• Alternative view 1 of Pompeii
  • Alternative view 2 of Pompeii
  • Alternative view 3 of Pompeii
<Previous >Next


3.5 2
by Filippo Coarelli, Emidio De Albentis

View All Available Formats & Editions

Pompeii is one of the most important archeological sites in the world. Destroyed by an eruption of Mt. Vesuvius that began on the morning of August 24, 79 A.D., the buried city has preserved for all time a unique record of the life of its inhabitants. Unlike other ancient cities such as Rome that have a continuous history and layer upon layer of subsequent


Pompeii is one of the most important archeological sites in the world. Destroyed by an eruption of Mt. Vesuvius that began on the morning of August 24, 79 A.D., the buried city has preserved for all time a unique record of the life of its inhabitants. Unlike other ancient cities such as Rome that have a continuous history and layer upon layer of subsequent development, Pompeii has revealed itself to its excavators exactly as it was on that fateful day. Scorching clouds of fine ash suffocated every living creature, making it impossible for them to flee. Roofs collapsed and buildings were buried under the weight of the stone fragments hurled by the volcano. The massive destruction deprived the city and its people of a future, but also recorded their mute testimony for later generations.

This is the most complete, informative, and beautiful book on Pompeii ever published. Written by scholars who have been active participants in the excavation and study of Pompeii, it offers the latest research yet is addressed to a general audience. More than 500 color photographs convey the incredible richness of the city, the unsurpassed elegance of its interiors, and the great beauty of its art, including sculpture, frescoes, and mosaics. There is fabulous jewelry, including rings, necklaces, and bracelets. Fifteen individual houses receive detailed attention, along with the famous suburban villas, the Villa of the Mysteries and the Villa of Poppea at Oplontis.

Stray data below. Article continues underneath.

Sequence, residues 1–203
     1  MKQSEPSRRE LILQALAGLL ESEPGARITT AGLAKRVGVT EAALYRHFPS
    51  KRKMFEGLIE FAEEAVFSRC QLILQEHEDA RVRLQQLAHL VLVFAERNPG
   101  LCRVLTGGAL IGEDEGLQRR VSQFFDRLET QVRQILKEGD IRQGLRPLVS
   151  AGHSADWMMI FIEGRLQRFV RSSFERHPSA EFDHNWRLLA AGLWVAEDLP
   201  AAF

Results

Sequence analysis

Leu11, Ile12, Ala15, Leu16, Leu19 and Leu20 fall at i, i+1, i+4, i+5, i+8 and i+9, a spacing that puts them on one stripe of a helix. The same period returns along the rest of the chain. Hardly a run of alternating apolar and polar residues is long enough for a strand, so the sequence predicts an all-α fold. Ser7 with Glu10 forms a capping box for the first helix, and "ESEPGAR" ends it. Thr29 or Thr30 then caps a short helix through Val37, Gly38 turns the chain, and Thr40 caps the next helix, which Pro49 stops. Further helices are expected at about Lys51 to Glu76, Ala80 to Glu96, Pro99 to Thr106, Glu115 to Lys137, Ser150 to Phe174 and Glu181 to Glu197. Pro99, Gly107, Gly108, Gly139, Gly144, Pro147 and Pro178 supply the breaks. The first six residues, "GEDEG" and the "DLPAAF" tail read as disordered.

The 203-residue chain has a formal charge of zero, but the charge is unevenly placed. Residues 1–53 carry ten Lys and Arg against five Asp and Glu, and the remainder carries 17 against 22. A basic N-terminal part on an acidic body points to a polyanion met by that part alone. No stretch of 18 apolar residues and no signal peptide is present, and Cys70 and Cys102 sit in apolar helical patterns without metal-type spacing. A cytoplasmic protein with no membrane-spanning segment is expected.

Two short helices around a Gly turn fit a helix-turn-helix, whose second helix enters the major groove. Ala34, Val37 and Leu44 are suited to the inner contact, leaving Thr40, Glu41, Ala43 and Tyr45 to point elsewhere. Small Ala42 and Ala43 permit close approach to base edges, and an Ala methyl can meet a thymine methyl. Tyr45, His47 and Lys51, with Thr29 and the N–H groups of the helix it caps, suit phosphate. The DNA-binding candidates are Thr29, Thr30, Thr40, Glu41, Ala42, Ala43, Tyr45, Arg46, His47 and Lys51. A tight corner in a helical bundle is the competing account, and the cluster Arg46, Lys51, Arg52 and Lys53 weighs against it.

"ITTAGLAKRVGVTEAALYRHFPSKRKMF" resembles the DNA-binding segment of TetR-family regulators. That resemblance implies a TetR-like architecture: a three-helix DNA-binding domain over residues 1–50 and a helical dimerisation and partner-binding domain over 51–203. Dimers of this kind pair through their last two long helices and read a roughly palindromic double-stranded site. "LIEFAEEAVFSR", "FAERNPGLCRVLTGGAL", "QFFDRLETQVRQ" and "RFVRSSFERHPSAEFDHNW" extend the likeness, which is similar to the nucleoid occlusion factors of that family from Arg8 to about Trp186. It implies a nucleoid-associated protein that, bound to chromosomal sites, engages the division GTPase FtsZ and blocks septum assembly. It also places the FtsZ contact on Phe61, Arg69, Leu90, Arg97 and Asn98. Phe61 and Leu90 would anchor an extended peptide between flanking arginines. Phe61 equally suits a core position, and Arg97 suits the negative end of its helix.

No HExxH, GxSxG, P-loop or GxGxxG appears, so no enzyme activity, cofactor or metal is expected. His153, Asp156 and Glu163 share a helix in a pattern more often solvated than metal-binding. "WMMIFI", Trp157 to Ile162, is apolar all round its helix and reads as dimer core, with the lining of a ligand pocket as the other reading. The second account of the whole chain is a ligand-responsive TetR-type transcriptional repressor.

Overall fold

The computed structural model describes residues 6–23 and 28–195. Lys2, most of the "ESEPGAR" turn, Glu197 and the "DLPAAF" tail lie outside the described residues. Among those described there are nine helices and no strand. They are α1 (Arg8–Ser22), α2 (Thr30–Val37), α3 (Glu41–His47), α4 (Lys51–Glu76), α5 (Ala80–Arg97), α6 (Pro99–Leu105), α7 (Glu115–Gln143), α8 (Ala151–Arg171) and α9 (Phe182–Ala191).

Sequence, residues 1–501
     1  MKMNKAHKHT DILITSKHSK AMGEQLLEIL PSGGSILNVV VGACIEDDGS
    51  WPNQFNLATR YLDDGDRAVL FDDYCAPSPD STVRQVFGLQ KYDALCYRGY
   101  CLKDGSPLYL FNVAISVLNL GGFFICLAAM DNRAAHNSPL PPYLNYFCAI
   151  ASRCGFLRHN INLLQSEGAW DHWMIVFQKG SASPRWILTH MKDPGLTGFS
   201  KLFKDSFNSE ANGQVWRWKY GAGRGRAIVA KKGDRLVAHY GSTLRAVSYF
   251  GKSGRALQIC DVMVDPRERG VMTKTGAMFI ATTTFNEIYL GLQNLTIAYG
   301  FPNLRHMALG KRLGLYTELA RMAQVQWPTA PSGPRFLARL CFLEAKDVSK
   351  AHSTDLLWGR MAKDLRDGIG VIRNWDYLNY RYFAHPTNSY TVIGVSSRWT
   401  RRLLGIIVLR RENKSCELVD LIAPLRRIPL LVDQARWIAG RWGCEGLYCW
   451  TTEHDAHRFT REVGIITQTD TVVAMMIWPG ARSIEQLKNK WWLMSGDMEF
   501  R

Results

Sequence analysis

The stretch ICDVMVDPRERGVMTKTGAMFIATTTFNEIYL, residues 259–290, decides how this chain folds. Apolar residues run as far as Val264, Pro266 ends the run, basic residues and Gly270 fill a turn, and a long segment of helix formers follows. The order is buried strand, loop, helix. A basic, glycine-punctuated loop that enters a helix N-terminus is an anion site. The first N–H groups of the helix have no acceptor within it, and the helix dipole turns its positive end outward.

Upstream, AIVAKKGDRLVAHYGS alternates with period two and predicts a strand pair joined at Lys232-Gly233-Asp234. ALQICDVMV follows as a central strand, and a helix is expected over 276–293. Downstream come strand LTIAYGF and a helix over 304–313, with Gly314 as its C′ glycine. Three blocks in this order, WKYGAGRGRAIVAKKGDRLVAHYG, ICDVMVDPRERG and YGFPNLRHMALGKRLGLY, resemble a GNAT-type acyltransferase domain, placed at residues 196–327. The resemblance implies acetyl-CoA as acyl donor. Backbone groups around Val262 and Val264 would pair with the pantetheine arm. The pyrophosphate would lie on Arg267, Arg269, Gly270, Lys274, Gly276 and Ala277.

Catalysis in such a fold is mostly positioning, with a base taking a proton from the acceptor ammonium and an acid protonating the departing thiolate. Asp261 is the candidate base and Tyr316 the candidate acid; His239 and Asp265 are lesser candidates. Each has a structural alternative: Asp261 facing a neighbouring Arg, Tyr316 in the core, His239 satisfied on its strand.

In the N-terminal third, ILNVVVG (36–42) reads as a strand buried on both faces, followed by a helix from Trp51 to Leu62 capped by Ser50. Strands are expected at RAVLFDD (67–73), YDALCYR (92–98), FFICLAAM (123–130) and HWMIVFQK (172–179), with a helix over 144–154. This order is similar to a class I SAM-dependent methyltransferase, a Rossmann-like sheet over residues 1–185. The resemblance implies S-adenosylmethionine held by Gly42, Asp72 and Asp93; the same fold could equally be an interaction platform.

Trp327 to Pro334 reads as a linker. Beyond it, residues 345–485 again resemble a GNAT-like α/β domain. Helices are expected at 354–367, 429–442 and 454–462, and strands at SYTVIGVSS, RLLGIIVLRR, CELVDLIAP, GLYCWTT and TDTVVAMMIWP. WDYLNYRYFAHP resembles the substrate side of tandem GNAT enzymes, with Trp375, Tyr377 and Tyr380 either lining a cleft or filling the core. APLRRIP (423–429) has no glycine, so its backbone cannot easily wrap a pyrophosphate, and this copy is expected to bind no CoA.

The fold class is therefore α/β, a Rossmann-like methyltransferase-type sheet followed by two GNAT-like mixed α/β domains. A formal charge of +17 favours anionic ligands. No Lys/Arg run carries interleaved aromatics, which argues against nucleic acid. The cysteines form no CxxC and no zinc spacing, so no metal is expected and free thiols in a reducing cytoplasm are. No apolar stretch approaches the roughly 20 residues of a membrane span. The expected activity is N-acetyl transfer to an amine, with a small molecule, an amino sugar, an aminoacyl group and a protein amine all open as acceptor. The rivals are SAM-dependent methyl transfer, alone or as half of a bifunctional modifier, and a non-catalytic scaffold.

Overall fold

The urban development of the city, including the construction of its walls and the function of its government buildings, is explained. A separate section describes the major temples and religious practices. The interesting and varied economic activities in Pompeii are explored through descriptions of the meat and fish market, the office of weights and measures, the taverns and cafes, and the workshops that cleaned and processed cloth. Bread is given its due, with the description of a bakery. And there is a rustic villa, the Villa della Pisanella at Boscoreale, with its machinery for producing oil and wine, its apartments for the owners, and dormitory for the slaves.

The fascinating social life of Pompeii is seen in descriptions of the gladiator games, athletic competitions, the theaters, and the public baths. There is a section on the famous Lupanare, or brothel, and a concluding chapter on funeral practices and the many tombs that line the streets outside the city walls.

This book will appeal to travellers, to students of Rome and the ancient world, to artists, designers, architects, urban planners, historians, and anyone else who might wish to understand and appreciate the beauty and achievements of Pompeii.

About the Authors

Filippo Coarelli (Rome, 1936) is Professor of Greek and Roman Antiquities at the University of Perugia. He is one of the foremost experts on Roman antiquities, a connoisseur of the history of early Rome, and a leading expert on Roman topography.

Emidio de Albentiis (Milan, 1958) received his degree with a thesis devoted to one of the insulae in Pompeii, and has written many studies of Roman houses and of the artistic culture of the Republican and Imperial eras. He presently teaches art history at the Academy of Fine Arts of Perugia.

Maria Paola Guidobaldi (Colonella, 1961) received her doctorate from the University for Studies in Perugia. Besides works on history, topography and Roman antiquities meant for a popular audience, she is the author of scholarly papers on various aspects of the Romanization of ancient Italy. On the staff of the Archeological Superintendence of Pompeii, she is currently director of the excavations at Herculaneum.

Fabrizio Pesando (Ivrea, 1958) is Associate Professor of Classical Archeology at the University of Naples and teaches Archeology of Magna Graecia and Antiquities of Pompeii and Herculaneum. He has specialized in the history of the private house in Greece and Rome, the archeology of the Vesuvian cities and the historical topography of Greece and ancient Italy. He is in charge of excavations at Pompeii and Herculaneum for the Istituto Universitario Orientale.

Antonio Varone (Angri, 1952) is the Coordinating Archeological Director for the Ministry of Cultural Assets and Activities and since 1984 has been in charge of the scientific-cultural service of the Archeological Superintendence of Pompeii. His many publications include one on the excavation of the Insula of the Chaste Lovers that began in 1987, and a study of inscriptions on walls in the area surrounding Vesuvius for a new supplement to volume IV of the Corpus Iscriptionum Latinorum.